If you need to take a break from topics such as solder paste, solder preforms, tin whiskers, indium TIMs, etc., there are a few books I would recommend reading.
Most of you have probably already read Walter Isaacson’s biography of Steve Jobs. This work may be one of the most important in recent memory. It is hard to overstate how much Jobs influenced modern electronics. Whether you have a Mac or a PC, a Droid or an iPhone, an iPad or an eBook, an iPod or some other MP3 player, the design and function of the product was likely more influenced by Apple and Jobs than the company that made it.
People can also understate Job’s influence in some important areas. As an example, consider the graphical user interface (GUI) that Xerox PARC is given credit for inventing. While this point may be strictly true, the GUI would have been unlikely to become a widely successful product in PARC’s hands. Apple and Jobs incorporated it into the Mac, and now all computers have a GUI. I’m reminded of Edison’s statement, “Genius is 1% inspiration and 99% perspiration.” Apple and Jobs added the perspiration, and quite a bit of the inspiration, to make PARC’s GUI a reality. The book covers the details of this interesting story.
Much is made of Jobs’ unusual personality, evidenced by his parking in handicapped spots, poor treatment of people, and strange diet. It is likely he would still be alive if he listened to his doctors. But I don’t think people overstate the case when they say that 100 years from now he will be considered in the technical ranks with Edison and Kettering.
One interesting point that the book mentions, a point that many people seem to overlook, is the influence of Jobs’ adoptive father, Paul. Although I don’t think their relationship could be described as close, Paul was a perfectionist as a machinist and woodworker, and this drive for perfectionism influenced Steve. This trait probably also led to Steve’s passion for design. Considering that this aspect of Apple is likely its defining attribute, this point is not a small one. The book recounts a story in which Paul is making a wood cabinet for the family. As Paul was finishing it, Steve noticed that even the wood in the back of the cabinet was first grade. Steve asked why that wood couldn’t be a cheaper grade because after all, no one would know, because it couldn’t be seen. The father responded “But, I would know.” Years later, the Apple engineers that designed the PCBs that would go into Apple PCs would find Paul’s son echoing the same sentiment. The PCBs had to look attractive because Steve Jobs would know if they didn’t – even if most customers would never see them.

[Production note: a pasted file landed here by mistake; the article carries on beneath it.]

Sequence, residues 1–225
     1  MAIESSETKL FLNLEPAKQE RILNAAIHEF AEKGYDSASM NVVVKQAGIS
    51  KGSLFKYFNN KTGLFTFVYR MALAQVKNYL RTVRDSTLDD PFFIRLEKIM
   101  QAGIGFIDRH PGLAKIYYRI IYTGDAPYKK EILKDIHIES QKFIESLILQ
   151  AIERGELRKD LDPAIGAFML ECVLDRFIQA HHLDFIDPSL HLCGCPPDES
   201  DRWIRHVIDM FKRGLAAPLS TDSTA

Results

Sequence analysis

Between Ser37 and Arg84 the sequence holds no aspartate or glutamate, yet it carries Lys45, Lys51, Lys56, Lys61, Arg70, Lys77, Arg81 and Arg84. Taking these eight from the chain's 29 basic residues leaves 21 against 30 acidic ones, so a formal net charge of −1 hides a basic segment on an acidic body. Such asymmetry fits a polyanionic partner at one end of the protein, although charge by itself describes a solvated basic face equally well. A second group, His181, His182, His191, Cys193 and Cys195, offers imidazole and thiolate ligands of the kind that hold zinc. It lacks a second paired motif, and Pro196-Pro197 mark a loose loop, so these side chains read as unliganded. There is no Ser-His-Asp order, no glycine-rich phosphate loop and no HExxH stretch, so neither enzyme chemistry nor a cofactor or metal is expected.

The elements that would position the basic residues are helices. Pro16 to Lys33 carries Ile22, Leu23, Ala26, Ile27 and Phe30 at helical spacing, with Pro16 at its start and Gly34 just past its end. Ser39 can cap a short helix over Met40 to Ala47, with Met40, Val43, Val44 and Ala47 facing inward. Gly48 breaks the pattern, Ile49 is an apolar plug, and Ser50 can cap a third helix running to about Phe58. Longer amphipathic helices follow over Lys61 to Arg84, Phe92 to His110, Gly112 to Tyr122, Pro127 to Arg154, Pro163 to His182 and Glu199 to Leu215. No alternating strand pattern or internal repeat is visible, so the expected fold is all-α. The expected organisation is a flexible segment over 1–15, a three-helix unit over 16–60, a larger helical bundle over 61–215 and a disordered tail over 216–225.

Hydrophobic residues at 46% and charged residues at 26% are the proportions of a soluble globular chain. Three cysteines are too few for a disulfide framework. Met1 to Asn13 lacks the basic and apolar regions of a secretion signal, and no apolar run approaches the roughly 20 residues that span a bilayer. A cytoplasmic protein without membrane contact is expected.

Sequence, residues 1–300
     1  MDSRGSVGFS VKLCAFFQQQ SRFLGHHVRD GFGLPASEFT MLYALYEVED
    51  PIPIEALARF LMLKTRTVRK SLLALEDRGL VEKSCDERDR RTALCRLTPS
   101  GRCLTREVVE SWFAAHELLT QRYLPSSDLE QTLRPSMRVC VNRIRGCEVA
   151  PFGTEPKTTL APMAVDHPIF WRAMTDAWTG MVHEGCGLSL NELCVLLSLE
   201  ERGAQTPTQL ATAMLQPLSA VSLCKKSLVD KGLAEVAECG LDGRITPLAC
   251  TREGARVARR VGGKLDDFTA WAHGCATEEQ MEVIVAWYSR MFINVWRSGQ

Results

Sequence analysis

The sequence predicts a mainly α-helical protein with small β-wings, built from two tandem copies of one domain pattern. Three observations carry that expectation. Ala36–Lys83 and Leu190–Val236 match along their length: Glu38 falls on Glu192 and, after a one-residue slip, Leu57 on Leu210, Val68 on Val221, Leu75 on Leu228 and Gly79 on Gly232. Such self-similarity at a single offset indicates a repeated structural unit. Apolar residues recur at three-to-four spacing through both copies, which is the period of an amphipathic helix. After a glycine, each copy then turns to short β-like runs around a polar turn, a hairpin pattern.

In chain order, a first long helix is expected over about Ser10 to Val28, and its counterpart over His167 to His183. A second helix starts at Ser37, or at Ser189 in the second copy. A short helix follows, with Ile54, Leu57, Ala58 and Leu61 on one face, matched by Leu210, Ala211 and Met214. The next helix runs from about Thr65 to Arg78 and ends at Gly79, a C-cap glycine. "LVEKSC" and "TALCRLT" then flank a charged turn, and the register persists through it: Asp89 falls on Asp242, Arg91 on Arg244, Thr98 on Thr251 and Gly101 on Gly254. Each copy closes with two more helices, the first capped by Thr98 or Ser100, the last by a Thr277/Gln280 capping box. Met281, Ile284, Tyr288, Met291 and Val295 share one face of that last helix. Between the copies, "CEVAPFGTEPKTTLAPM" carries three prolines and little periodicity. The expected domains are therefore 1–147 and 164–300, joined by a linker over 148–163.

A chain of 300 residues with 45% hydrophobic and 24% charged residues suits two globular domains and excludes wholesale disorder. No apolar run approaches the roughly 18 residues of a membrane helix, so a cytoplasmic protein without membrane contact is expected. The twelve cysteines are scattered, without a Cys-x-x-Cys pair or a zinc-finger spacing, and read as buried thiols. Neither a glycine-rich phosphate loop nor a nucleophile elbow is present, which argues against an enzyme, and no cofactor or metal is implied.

Another timely book is The End of Cheap China, by Shaun Rein. In addition to the obvious point that wages have risen so much in China that it will no longer be the Mecca for offshoring, Rein makes a few less obvious points: one point being that the concern we in the electronics assembly arena have regarding counterfeit components goes far beyond ICs, passives, and other electronics components. The typical Chinese person is wary to buy food in the local markets, fearing that it might be tainted. Rein relates a comical story about chatting with a young Chinese woman, who stated she likes to eat at Kentucky Fried Chicken because the food is “healthy.” She went on to explain that, since it is a large American company, she trusts that the ingredients would be unaltered. She can count on the mashed potatoes not having cardboard in them! Such concerns are rampant in China. I was also surprised to see how poor the Chinese university-level education system is. Rein also discusses local versus central government, the Chinese real-estate boom and perhaps bust, China as a world power, and other topics. It is an interesting and fun read, but is a bit choppy in its writing style. In the end, though, it left me feeling more confident in the future for the West. China will be a worthy competitor on the world economic stage, but its many challenges likely overshadow those of the Americas and Europe.
The Big Miss, about Hank Haney’s time as Tiger Wood’s golf coach, is an interesting read for golfers. In addition to the shocking discovery that Haney was paid very little as Tiger’s coach (apparently a standard practice), I was stunned by the revelation that Woods was so enamored with the SEALs that he was able to convince the Navy to let him train with this elite group. According to Haney, Woods was considering giving up golf to become a SEAL! I also was surprised to learn that, even though Haney and Tiger’s caddy Steve Williams were, in many ways, close to him, there were times that Woods would not speak to them for hours while they were working together. Apparently, they were afraid to try to “break the ice.” As I write this (June 16, 2012) Tiger is tied for first in the US Open. I wish him well.